Yes, through Hollywood propaganda some of us have grown to hate Black women. As a result, now we only see them as whores, prostitutes, bitches, video vixens, baby-mommas, gold-diggers, strippers, and Basketball wives.
Oh yes, Hollywood has given us Big Momma’s House, Madea, Tammy, Nene, Omarosa and even Queen Latifah in “Bring The House Down” to laugh at. And even though these subtle images being implanted in our minds seem innocent, they make it easier for us to hate Black women and devalue them.
I know not all images of Black women are negative. But, Hollywood has a history of making Black women look foolish. And in some cases, Black women have made fools out of themselves for fortune and fame.
I know many people may be reading this article in disgust and disappointment. Some of you even may be asking yourself, after all of this, how could I still describe the Black woman as God’s greatest creation?
“She is a woman plus she is Black.” some may stupidly say.
Others may foolishly say, “The fact that she is Black proves she is cursed. Besides, nobody loves Black women. Not even Black women love Black women.”
The Self-Hating Black Woman
In the August 2008 edition of Essence magazine Kierna Mayo addressed this very issue in her well-written article entitled “Black Women Behaving Badly.”
“Sociologists point out that each of our lives leaves an imprint on our collective sisterhood; how we treat one another has a ripple effect that extends far beyond the women directly affected.” stated Mayo, an Essence contributing writer.
“Ask yourself: Have you ever looked another Black woman up and down? Checked out her clothes, her body, her face, her hair and secretly sized her up as less than you? Have you ever laughed about another Black woman behind her back? Talked about her to your girls? Spilled her secrets? Have you ever had a silent thought, even for a spilt second, wishing failure on a Black woman at the job? Is bitch a regular word in your vocabulary? Whenever that stringer barrels out of your mouth, who is most likely to get stung? Be honest is it a sister?”
These are questions all of us must ask ourselves when dealing with Black women.
Because these are some of the subconscious thoughts creeping out of our minds after watching Black women scream and holler on Jerry Springer. These are some of the thoughts of little Black girls, who secretly watch Maury and see Black women crying and begging Black men to take care of their children. These are some of the thoughts of future Black athletes, who have already decided to date white women exclusively after seeing Black women cursing and fighting on Basketball Wives. (Read my previous article on BASN titled The Topic That Won’t Go Away).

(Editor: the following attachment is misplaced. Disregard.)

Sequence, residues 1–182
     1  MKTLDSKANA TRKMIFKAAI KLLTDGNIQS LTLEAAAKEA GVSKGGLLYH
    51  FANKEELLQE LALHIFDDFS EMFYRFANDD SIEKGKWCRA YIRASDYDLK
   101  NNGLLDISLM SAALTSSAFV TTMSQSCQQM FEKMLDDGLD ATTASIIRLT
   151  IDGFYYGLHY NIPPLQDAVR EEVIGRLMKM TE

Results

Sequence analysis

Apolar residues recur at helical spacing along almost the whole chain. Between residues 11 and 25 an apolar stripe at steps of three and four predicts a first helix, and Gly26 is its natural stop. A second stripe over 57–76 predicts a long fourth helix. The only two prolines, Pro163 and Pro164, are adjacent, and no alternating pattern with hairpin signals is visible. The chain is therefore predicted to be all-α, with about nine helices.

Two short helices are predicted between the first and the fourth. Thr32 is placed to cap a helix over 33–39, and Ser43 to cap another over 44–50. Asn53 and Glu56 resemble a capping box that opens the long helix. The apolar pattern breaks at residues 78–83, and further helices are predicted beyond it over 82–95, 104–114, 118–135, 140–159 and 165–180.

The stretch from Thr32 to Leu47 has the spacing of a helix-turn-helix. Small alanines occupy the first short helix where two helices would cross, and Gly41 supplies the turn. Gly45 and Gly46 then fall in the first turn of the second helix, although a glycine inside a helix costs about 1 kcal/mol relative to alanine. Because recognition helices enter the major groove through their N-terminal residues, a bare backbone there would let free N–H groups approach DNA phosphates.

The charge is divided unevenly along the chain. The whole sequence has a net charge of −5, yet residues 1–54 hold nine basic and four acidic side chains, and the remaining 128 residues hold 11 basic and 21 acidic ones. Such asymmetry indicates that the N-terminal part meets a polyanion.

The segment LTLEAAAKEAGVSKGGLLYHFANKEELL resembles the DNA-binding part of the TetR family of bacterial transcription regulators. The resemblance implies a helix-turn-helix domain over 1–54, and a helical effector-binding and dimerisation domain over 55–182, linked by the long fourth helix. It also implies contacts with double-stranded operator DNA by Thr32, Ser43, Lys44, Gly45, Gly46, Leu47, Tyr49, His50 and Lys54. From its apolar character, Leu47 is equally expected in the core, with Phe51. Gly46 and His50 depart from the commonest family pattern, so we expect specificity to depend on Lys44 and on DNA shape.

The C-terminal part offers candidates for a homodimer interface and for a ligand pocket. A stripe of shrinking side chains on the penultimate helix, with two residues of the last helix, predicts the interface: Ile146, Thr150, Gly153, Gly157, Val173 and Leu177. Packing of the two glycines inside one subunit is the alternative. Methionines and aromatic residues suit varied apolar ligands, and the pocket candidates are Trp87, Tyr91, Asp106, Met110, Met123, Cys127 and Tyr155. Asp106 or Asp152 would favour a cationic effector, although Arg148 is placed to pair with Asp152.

Disrespected and Devalued
I know what you are saying, this is just entertainment. You are taking this thing too far. You are examining this thing a little too deeply. Lighten up, a little bit. It is not that serious.
But it is that serious; just consider how First Lady Michelle Obama has been treated despite her education, eloquence, beauty, and grace. Look at all the ugly and racist names she has been called.
Look at how Nafissato Diallo, a hotel maid in Manhattan from Guinea, has been treated by the media after accusing former International Monetary Fund President Dominique Strauss-Khan of sexual assault?
Even without going to trial, the world has already been convinced that she is a liar, a prostitute, and a gold digger.
Why? Because their overall thought process is rooted in white supremacy and black inferiority. In their opinion, they didn’t have to look at the facts, or review the evidence. The fact, that she was a Black woman was enough. Besides, why would a rich and powerful man like Strass-Khan want to rape a “filthy” African like Diallo?
While examining the Strauss-Khan Diallo alleged rape case, don’t forget the Psychology Today article written by Satoshi Kanazawa entitled “Why are Black Women Less Attractive than Other Women.”
Yes, in the White House on Pennsylvania Ave., to the magazines on the newsstands, to the high-definition televisions in Caucasian homes and even in those tall skyscrapers that seem to be touching heaven, the Black woman is disrespected and devalued.
Maybe, this was one reason why Deion Sanders, with tears in his eyes, shamefully admitted as a teenager that he had been ashamed of his mother during his Hall of Fame induction speech.
Sanders said he developed this attitude about his mother after playing for a wealthy, all-white youth football squad called the Fort Meyers Rebels.
“..there is something inside of me, mama, that I never told you.” Sanders confessed.
“That I never could admit, and I’m going to share it with all of you… I played for a youth team called the Fort Myers Rebels and they blessed me. They took me all over the country to expose me to things, to expose you to things. Everybody on their team, their parents owned something.” Sanders said.
“Their parents were doctors or lawyers or the chief of police. It was that type of organization. Me and one of my friends were the only African-American kids on the team. It was a very affluent team, and I was ashamed of my mama because my mama worked in the hospital.” he said.
“She cleaned up the hospital, and I was ashamed of my mama who sacrificed, who loved me, who protected me, who gave me everything”
Sanders continued to explain how one of his friends mocked him because he saw his mother pushed a cart in the hospital.